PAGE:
I'm not the biggest Cal Ripken fan, and feel much the same way about this so called "record", but you are short-changing him. He got hurt *tons* of times. He just played through it (sometimes at the expense of his team you could argue). In a sport where guys go on the injured list for a week for a bruised pinky, Cal just wasn't made that way. Essentially, the guy was a hockey player in a baseball uni.

I often wonder if coaching has something to do with injury prone teams. The way they run their practices, the drills they do, whether contact is involved, how much and how hard they work the guys etc.

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10-30-2003, 02:58 PM
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Quote:
Originally Posted by Zippy
Pittsburgh has been the capital of flukie injuries the last couple years. Laukkanen (hurt wrestling in the off-season, wrestling with what I have no idea -- never seemed the type to me)
Completely off topic but he hurt himself while playing floorball at Sami Salo's bachelor party.

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Old
10-30-2003, 04:01 PM
  #19
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LoL. Was that the final verdict? I always heard he was wrestling with someone. Your explanation probably makes more sense. Anyway, the Pens have so far been better off this year other than Rozy (what else is new?) but the two prior seasons were pretty bad for fluke injuries / repeat injuries. This year it seems to be LA's turn. Parts of last year too, obviously.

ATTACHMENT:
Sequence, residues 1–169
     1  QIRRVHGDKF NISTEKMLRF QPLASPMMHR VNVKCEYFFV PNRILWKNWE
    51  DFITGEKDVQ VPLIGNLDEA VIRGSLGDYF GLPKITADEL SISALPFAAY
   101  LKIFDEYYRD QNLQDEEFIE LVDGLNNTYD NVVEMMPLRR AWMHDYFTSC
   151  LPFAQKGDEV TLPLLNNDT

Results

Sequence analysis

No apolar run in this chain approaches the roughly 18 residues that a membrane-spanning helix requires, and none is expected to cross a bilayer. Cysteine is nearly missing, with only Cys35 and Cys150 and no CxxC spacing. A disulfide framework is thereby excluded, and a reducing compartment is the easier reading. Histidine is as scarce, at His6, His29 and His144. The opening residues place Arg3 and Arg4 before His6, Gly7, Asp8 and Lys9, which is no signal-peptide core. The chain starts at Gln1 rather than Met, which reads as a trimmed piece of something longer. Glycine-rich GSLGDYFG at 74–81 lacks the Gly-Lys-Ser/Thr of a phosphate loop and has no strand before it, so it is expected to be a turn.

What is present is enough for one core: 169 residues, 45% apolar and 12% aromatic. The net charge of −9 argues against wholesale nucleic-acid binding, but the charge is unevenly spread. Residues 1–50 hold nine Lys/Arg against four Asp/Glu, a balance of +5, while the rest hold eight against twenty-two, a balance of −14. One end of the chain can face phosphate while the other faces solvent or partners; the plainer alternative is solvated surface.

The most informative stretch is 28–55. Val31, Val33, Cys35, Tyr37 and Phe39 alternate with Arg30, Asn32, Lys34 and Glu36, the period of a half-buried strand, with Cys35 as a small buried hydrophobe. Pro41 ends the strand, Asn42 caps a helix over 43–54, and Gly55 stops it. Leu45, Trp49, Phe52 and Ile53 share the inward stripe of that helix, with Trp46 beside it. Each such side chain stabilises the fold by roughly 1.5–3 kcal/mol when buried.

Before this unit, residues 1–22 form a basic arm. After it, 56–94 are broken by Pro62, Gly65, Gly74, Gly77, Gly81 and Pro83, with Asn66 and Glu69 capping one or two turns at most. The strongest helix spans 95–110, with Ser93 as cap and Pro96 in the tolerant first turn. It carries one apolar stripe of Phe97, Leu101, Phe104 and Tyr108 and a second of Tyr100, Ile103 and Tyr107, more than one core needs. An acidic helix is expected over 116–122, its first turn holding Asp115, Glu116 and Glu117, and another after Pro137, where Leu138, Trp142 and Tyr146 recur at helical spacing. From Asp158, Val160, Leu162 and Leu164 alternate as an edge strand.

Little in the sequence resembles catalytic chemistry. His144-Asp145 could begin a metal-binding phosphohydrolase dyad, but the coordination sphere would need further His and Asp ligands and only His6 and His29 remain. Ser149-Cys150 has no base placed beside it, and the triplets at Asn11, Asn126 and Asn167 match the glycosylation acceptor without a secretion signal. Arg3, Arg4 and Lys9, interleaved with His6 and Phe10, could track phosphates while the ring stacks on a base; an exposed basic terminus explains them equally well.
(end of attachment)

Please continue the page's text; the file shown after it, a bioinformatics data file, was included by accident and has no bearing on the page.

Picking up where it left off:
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Old
10-30-2003, 06:45 PM
  #20
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Quote:
Originally Posted by PecaFan
Essentially, the guy was a hockey player in a baseball uni.
Right. All baseball players are wimps. Remember when Bourque lost a tooth from a high stick a few years ago and missed 2 to 3 games? Mike matheny took a fastball to the mouth once, lost a whole bunch of teeth, and what did he do? Spat them out and took his base.

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10-30-2003, 06:54 PM
  #21
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Quote:
Originally Posted by Fish on The Sand
Right. All baseball players are wimps. Remember when Bourque lost a tooth from a high stick a few years ago and missed 2 to 3 games? Mike matheny took a fastball to the mouth once, lost a whole bunch of teeth, and what did he do? Spat them out and took his base.
Did I say all baseball players were wimps? No, you did that. Of course there are exceptions, Cal was one of them.

You can't deny that in general, hockey players are far tougher than baseball players, and play through injuries that sideline baseball players.

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10-30-2003, 09:10 PM
  #22
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Its probably already been said, but I think the schedule is too compressed.